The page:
by Jack Kerouac
Penguin Ink, 2011
224 pages / $12.84 buy from Amazon
1. The movie, based on Jack Kerouac’s book, based on Big Sur, 36.1075 °N, 121.6258 °W.
2. Voiceover beginning to end, front to back.
3. I think of all the times I’ve been to Frisco, ages 5, 6, 7, 9, 9, 9, 11, 20, 21, 22, 23, 24 and 28. I think of City Lights, North Beach, Sea Otters, Strip Clubs, Merry-Go-Rounds, Mirrored Ceilings, Fake IDs, Suspension Bridges, Soccer, Coffee and Bread.
4. Boredom. On my fifth birthday there were too many children and too many presents. In the backyard my father starred in Oscar the Grouch’s Cooking Show. He juggled raw eggs and ate tuna fish/jellybean/sauerkraut sandwiches. There were words the whole time but nobody talked.
5. Iodine blast. Iodine: A novel by Haven Kimmel from a song by Leonard Cohen from iodine, I, atomic number 53. From my mother’s skin before I was my mother’s.
6. Big Sur: A descent into madness, a portrait of hell, a catalogue of imperfections.
7. When I read the intimate details of our lives out loud it hurts less.
8. Things included but not mentioned in this essay: words, cigarettes, stars, beer, wine, whiskey, sand, waves, women, rhymes, slow motion, flames, bottles, trees, water, haze.
9. City Lights is my second favorite bookstore in America. Anthony Edwards as Lawrence Ferlinghetti. Anthony Edwards as Dr. Mark Greene in ER, the longest running primetime medical drama until it wasn’t. Dr. Mark Greene eating a Chicago Hot Dog over the Chicago River on a break from Chicago’s Cook County General Hospital. When I eat a Chicago Hot Dog over the Chicago River I think of Sandra Bullock, not Lawrence Ferlinghetti. I never liked ketchup.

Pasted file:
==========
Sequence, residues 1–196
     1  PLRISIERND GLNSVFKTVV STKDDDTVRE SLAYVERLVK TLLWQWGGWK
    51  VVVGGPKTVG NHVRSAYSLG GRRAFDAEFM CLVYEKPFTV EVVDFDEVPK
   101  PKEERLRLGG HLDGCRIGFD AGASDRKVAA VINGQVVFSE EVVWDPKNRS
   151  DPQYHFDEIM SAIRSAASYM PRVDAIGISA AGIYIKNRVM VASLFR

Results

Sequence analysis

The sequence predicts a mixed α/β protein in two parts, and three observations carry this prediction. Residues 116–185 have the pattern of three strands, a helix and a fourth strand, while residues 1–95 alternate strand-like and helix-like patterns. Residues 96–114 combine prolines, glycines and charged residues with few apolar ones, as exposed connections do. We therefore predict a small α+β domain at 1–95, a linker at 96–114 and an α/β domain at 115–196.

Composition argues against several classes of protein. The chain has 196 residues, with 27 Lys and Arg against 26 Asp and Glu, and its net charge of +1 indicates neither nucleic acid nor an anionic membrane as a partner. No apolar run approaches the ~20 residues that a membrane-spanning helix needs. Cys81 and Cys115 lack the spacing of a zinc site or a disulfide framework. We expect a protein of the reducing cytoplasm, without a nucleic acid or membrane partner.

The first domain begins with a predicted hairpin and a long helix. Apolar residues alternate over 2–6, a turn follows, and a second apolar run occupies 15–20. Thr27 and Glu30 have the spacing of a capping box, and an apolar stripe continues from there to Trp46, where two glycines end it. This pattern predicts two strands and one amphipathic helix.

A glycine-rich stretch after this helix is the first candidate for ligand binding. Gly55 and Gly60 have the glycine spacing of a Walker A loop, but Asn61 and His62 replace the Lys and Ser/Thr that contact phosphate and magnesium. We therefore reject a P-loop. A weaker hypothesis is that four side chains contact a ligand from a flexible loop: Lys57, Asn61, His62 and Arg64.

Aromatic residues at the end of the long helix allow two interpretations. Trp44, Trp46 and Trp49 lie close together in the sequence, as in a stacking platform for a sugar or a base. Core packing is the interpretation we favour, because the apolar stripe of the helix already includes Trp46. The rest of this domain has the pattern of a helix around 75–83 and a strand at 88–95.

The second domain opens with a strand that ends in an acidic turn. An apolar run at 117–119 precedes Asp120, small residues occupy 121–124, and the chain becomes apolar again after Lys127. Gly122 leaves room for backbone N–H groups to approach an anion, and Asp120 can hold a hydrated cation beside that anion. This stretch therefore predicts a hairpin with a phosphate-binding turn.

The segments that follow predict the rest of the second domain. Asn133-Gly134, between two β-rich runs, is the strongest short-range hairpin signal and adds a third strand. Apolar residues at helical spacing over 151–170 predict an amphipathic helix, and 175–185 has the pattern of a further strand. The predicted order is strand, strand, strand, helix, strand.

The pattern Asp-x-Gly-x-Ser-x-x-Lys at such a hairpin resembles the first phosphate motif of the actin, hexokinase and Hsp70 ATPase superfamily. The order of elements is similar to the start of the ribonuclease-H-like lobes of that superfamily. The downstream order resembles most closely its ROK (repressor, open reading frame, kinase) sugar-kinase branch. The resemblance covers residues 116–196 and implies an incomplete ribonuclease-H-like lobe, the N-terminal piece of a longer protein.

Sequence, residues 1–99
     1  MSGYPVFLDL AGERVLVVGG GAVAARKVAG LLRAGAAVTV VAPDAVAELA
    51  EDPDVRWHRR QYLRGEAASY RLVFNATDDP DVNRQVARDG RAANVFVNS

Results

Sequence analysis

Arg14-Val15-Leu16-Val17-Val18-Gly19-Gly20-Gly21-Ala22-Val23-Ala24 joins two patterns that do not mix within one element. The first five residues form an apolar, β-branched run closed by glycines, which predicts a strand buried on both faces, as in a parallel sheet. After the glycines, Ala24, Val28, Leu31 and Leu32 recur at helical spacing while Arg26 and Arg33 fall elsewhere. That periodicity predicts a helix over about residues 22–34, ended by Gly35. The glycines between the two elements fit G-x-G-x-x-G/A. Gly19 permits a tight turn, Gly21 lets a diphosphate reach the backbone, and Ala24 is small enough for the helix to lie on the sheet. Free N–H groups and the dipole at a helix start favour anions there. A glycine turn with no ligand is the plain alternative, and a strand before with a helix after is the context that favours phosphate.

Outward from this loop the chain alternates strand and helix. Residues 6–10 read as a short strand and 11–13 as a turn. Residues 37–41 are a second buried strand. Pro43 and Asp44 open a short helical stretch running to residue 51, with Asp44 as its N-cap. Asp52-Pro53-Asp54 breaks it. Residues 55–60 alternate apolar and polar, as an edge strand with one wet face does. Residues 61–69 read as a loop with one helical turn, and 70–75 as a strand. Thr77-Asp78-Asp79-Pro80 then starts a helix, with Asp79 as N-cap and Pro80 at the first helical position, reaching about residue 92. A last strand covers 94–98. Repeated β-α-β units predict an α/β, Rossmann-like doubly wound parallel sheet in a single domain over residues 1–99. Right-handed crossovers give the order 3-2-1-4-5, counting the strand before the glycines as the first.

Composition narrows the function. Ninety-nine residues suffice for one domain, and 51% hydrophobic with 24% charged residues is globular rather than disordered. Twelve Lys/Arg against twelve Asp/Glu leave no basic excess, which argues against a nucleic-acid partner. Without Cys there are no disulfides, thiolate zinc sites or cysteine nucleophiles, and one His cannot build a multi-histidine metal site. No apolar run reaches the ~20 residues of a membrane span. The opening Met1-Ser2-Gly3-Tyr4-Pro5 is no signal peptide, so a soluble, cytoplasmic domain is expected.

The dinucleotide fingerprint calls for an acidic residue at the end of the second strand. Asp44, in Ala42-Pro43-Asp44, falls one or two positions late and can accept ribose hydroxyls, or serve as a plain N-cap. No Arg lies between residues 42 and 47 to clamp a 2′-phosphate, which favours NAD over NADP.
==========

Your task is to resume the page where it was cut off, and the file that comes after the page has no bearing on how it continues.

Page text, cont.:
February 6th, 2014 / 4:45 pm
Although justly famous in this country for his short fiction, Borges the poet remains largely unknown to American readers. This dual-language collection of his sonnets can go a long way towards remedying that deficiency. From his early atmospheric verse in Fervor de Buenos Aires, to his late poems of aging, nostalgia and death, written in the penumbra of near total blindness, Borges left behind a remarkable body of poetic work. We are still waiting for the complete works of Borges to be translated into English, but meanwhile, translator and editor, Stephen Kessler, has collected all of Borges’ sonnets into a single volume. Most of these were written when Borges was on his way to total blindness. The sonnet as a form called out to him in its succinctness and melody. Like oral poets of old, he found formal devices aided his memory, and so he composed sonnets in his head. The content of the poems is eminently recognizable to readers of his prose: the evocativeness of run-down suburbs, dusk, the gaucho, the warrior, the labyrinths of reason, the mysteries of time, identity, and mirrors.
November 14th, 2011 / 12:00 pm
I reviewed Light Boxes back in February, 2009. In honor of the official US release day of the Penguin presentation, here are those words, slightly altered and here again:
I feel it’s hard today to find a work of art that is earnest, that is compassionate. (Michael Kimball’s Dear Everybody comes to mind). I was startled by Shane Jones’s novel because it is so painfully both; it bleeds itself, and bleeds for others.
Light Boxes is a story about a community, about a man’s quest to rid his community of February, a bitter and long spell of cold that haunts the the town and its people. I don’t want to speak explicitly of the ‘narrative’ here, only because I think there is magic in discovery; it’s a sensual work. Many of the images affected me viscerally, and will stay with me for a long time. Dead bees pour from the sky, a broken father sits in the middle of a snow-covered street, a body surfaces in a river covered in text… I could list all the beautiful and often tragic images contained within for awhile.
To go deeper: The people in Light Boxes breathe true. I felt them living and felt them dying. They seem warm, hot & cold all at once, much like the seasons that surround them. The story also functions on a level outside its own prison, outside the printed page, but, again: I’d like to keep quiet. I’d like you to discover the layers and try to keep warm yourself.
Shane has crafted a fine myth, one I hope lasts for a very long time.
May 25th, 2010 / 10:06 pm